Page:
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92,421
Disjoint identifyingcodes for arbitrary graphs
 In Proc. International Symposium on Information Theory (ISIT
, 2005
"... Identifying codes have been used in a variety of applications, including sensorbased location detection in harsh environments. The sensors used in such applications are typically battery powered making energy conservation an important optimization criterion for lengthening network lifetime. In this ..."
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Cited by 4 (0 self)
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. In this work we propose and develop the concept of disjoint identifying codes with the motivation of providing energy loadbalancing in such systems. We also provide informationtheoretic upper and lower bounds on the number of disjoint identifying codes in a given graph, and show that these bounds
Protecting respondents’ identities in microdata release
 In IEEE Transactions on Knowledge and Data Engineering (TKDE
, 2001
"... Today’s globally networked society places great demand on the dissemination and sharing of information. While in the past released information was mostly in tabular and statistical form, many situations call today for the release of specific data (microdata). In order to protect the anonymity of the ..."
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Cited by 503 (32 self)
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, and ZIP code, that can be linked to publicly available information to reidentify respondents and inferring information that was not intended for disclosure. In this paper we address the problem of releasing microdata while safeguarding the anonymity of the respondents to which the data refer
Just Relax: Convex Programming Methods for Identifying Sparse Signals in Noise
, 2006
"... This paper studies a difficult and fundamental problem that arises throughout electrical engineering, applied mathematics, and statistics. Suppose that one forms a short linear combination of elementary signals drawn from a large, fixed collection. Given an observation of the linear combination that ..."
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Cited by 496 (2 self)
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that has been contaminated with additive noise, the goal is to identify which elementary signals participated and to approximate their coefficients. Although many algorithms have been proposed, there is little theory which guarantees that these algorithms can accurately and efficiently solve the problem
Efficient semantic matching
, 2004
"... We think of Match as an operator which takes two graphlike structures and produces a mapping between semantically related nodes. We concentrate on classifications with tree structures. In semantic matching, correspondences are discovered by translating the natural language labels of nodes into prop ..."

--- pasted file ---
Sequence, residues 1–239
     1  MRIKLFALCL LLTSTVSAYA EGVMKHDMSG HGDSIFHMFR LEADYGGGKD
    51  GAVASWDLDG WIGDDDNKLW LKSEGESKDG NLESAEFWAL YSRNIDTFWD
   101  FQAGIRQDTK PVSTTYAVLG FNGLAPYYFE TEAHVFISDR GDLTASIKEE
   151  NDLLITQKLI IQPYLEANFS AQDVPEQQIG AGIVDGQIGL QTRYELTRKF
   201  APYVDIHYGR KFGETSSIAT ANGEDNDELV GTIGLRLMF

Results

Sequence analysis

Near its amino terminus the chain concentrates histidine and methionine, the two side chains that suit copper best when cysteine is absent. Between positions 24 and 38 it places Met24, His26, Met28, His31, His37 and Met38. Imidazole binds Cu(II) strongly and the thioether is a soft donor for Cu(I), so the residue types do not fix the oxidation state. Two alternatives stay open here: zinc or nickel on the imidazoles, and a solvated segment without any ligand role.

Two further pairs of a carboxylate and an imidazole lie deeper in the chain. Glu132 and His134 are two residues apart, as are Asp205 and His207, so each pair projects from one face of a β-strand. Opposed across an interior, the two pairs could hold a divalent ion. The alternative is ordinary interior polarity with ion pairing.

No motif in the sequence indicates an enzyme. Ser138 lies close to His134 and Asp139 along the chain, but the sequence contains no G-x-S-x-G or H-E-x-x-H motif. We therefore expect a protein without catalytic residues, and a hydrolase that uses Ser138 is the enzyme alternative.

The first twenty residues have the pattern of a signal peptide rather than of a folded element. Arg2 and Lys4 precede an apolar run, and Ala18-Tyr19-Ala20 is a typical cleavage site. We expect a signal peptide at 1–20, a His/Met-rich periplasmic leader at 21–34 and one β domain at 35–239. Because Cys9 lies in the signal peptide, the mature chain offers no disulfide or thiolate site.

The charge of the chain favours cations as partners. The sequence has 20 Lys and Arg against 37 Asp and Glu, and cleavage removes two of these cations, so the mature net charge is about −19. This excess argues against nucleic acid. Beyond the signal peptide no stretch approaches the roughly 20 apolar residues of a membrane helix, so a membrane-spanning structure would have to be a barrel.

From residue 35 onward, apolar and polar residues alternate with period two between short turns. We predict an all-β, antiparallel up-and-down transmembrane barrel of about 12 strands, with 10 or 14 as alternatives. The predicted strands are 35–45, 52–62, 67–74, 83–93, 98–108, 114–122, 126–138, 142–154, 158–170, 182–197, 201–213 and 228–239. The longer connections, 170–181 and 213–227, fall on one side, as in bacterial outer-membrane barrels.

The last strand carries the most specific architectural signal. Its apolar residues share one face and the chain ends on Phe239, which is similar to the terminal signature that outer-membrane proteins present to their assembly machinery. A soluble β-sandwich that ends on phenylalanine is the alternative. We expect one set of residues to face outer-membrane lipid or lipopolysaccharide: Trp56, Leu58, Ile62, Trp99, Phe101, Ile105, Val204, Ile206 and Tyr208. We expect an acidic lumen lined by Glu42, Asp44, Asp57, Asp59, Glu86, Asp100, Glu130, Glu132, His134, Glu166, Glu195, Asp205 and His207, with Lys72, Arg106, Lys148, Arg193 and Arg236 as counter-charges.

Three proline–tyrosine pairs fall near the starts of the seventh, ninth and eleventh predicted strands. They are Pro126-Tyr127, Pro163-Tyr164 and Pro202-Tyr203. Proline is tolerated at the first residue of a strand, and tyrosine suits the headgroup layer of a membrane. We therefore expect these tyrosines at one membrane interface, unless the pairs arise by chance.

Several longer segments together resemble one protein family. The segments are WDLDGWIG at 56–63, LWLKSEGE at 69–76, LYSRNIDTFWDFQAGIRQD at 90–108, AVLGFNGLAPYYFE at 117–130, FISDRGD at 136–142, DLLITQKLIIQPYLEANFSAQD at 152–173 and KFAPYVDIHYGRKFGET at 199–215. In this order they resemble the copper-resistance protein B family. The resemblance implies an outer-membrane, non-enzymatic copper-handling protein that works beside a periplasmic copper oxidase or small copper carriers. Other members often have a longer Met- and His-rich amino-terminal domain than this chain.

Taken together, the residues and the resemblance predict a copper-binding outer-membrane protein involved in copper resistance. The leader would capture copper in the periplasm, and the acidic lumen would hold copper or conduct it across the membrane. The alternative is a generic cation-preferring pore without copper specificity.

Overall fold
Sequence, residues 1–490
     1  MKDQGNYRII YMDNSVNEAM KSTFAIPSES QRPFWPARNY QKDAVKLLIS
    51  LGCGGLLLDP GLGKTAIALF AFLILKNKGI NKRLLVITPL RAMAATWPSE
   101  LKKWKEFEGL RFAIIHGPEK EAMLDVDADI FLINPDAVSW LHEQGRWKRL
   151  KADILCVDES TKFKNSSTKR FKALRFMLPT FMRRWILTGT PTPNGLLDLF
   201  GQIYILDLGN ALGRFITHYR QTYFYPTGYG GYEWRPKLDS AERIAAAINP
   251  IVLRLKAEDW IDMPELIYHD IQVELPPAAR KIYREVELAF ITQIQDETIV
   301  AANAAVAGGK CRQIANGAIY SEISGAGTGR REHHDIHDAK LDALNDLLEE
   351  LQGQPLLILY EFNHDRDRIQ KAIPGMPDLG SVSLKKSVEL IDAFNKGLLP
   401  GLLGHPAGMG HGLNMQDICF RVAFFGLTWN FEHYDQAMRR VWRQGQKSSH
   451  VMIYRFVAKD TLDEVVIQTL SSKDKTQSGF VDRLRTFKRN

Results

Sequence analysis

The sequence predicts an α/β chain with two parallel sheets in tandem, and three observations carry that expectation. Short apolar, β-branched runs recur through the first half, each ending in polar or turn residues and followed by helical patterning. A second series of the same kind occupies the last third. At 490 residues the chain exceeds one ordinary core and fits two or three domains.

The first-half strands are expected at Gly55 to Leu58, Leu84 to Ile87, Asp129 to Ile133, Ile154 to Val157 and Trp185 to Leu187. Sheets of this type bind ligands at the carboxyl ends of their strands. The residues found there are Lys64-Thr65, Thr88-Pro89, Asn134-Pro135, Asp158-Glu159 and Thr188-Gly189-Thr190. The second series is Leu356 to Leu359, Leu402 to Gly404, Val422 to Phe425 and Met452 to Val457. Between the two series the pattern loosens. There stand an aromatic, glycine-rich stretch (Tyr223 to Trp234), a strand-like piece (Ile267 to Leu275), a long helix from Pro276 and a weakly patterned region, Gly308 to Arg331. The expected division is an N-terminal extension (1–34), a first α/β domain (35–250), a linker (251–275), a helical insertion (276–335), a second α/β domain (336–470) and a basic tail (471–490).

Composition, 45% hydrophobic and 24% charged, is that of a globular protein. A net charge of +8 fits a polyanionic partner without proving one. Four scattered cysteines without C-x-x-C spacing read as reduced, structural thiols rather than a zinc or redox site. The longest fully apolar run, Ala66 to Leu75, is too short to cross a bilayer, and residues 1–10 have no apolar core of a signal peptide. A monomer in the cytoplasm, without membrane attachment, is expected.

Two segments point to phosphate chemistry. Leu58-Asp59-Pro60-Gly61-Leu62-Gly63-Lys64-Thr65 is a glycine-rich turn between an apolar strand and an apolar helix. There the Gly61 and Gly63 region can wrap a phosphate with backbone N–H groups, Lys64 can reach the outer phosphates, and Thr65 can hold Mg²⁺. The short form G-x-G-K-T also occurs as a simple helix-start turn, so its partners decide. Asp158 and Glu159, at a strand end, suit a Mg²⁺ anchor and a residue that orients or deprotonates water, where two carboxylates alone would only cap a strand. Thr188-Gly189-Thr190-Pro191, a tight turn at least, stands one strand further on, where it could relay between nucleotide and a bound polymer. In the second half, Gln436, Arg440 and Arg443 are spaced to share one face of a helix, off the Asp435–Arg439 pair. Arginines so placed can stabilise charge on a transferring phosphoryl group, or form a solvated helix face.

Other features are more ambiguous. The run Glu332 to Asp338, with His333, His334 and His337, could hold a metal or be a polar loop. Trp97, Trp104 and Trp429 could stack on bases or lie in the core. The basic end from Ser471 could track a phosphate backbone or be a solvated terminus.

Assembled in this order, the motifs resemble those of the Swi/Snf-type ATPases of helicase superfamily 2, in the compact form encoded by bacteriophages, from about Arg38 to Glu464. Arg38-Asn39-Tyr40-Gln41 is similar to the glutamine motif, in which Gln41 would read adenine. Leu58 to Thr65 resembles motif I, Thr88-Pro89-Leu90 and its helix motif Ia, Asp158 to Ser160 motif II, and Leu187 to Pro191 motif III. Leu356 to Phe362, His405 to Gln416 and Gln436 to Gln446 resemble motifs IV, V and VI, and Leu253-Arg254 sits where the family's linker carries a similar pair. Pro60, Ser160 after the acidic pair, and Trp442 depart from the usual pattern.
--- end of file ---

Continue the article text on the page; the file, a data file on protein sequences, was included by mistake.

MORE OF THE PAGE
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Cited by 817 (67 self)
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We think of Match as an operator which takes two graphlike structures and produces a mapping between semantically related nodes. We concentrate on classifications with tree structures. In semantic matching, correspondences are discovered by translating the natural language labels of nodes into propositional formulas, and by codifying matching into a propositional unsatisfiability problem. We distinguish between problems with conjunctive formulas and problems with disjunctive formulas, and present various optimizations. For instance, we propose a linear time algorithm which solves the first class of problems. According to the tests we have done so far, the optimizations substantially improve the time performance of the system.
Fuzzy extractors: How to generate strong keys from biometrics and other noisy data. Technical Report 2003/235, Cryptology ePrint archive, http://eprint.iacr.org, 2006. Previous version appeared at EUROCRYPT 2004
 34 [DRS07] [DS05] [EHMS00] [FJ01] Yevgeniy Dodis, Leonid Reyzin, and Adam
, 2004
"... We provide formal definitions and efficient secure techniques for • turning noisy information into keys usable for any cryptographic application, and, in particular, • reliably and securely authenticating biometric data. Our techniques apply not just to biometric information, but to any keying mater ..."
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Cited by 532 (38 self)
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We provide formal definitions and efficient secure techniques for • turning noisy information into keys usable for any cryptographic application, and, in particular, • reliably and securely authenticating biometric data. Our techniques apply not just to biometric information, but to any keying material that, unlike traditional cryptographic keys, is (1) not reproducible precisely and (2) not distributed uniformly. We propose two primitives: a fuzzy extractor reliably extracts nearly uniform randomness R from its input; the extraction is errortolerant in the sense that R will be the same even if the input changes, as long as it remains reasonably close to the original. Thus, R can be used as a key in a cryptographic application. A secure sketch produces public information about its input w that does not reveal w, and yet allows exact recovery of w given another value that is close to w. Thus, it can be used to reliably reproduce errorprone biometric inputs without incurring the security risk inherent in storing them. We define the primitives to be both formally secure and versatile, generalizing much prior work. In addition, we provide nearly optimal constructions of both primitives for various measures of “closeness” of input data, such as Hamming distance, edit distance, and set difference.